The week started in the Netherlands and continued with the annual Hogueras de San Juan fiesta, which basically turns Alicante on its head for more than a week.
I woke up Sunday morning in Michiel Fokkema’s house near Rotterdam. Michiel had kindly offered to put me up for the night following out day trip to the island of Texel the preceding day. Looking around Michiel’s living room, I thought this image of his window sill clearly shows that this is the house of a photographer:
Later on Sunday, I was going to take the train to Eindhoven, meet with some old friends there and then fly home in the evening. But first, Michiel took me for a drive around the countryside near his home:
Near the windmill, there was a nesting swan; I did not hang around that long, so as not to disturb it (and anyway, its mate was nearby and was giving me the evil eye):
Then Michiel took me to the Rotterdam train station, from where I left for Eindhoven. I was going to fly home from there that evening, but first I was going to visit Anna and Geert, a couple who worked for me during my last couple of years in the Netherlands, and whose wedding I photographed 5 years ago almost to the day–see my PAW for 2006, week 26, on this site.
Anna and Geert have two children, Pim (4) and Nora (almost 2):
Geert and Pim looking for berries in the garden:
After lunch, we went for a walk in the neighbourhood. It is quite common to see signs like this in Dutch cities:
Then Geert drove me to the airport and I flew home to Alicante.
It is hot in Alicante now, and my dog rarely uses her soft bed. She prefers the cooler stone floor. The cat, however, likes things warm, so he takes advantage of the opportunity:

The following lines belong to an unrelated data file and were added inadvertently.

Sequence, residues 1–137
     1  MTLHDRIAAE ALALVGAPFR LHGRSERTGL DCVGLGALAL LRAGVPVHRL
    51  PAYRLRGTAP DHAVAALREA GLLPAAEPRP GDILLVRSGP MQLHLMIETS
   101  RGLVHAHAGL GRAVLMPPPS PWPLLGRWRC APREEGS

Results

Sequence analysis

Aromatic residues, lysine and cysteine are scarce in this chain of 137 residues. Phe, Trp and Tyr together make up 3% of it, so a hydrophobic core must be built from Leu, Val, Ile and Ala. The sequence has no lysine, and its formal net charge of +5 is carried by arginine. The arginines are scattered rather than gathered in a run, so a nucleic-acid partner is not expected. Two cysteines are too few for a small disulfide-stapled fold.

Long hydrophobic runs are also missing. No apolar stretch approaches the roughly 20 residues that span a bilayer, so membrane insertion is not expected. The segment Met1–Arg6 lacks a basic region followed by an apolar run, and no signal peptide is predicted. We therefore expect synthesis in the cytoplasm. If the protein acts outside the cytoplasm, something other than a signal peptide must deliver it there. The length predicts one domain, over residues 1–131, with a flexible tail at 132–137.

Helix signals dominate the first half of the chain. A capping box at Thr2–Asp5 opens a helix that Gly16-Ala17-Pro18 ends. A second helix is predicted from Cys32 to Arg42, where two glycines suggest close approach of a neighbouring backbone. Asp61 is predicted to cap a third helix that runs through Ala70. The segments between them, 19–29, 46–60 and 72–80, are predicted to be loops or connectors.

Waiting for breakfast to be served outside our local bakery:
Midsummer is celebrated in many parts of Europe. In Alicante, the week leading up to June 24th is called Hogueras de San Juan. Early in the week, huge plastic statues are put up around the city, only to be burned amid fireworks during the night of June 24th. Meanwhile, the entire week people stay up until the early hours, partying in the closed streets. Here is a huge installation in the making in the city’s commercial district:
Lots of work just for a few days’ display:
This fisherman is in our neighbourhood:
Chiringuito, or beach bar, also in my neighbourhood:
Slowing down to look:
Back in the centre, a mermaid-like figure:
On the night of the 24th, people gather on Avenida Vicente Ramos, the main road in our neighbourhood, to watch the burning, which takes place around 1-2 a.m. I did not actually bother to stick around to see the burning, preferring to hang around and look at the people instead:
The little ones need a high vantage point to see:
Little boys throwing fireworks. This goes on every evening for at least 10 days, making it impossible to walk my dog:
The morning after, one finds traces of botellones around the place:
The final cleanup of Vicente Ramos on the morning of the 25th:
And finally, something completely different. Our office building is going to be remodelled, floor by floor. People have to move to a temporary location for a few months. The moves start on July 1st, and the boxes are ready: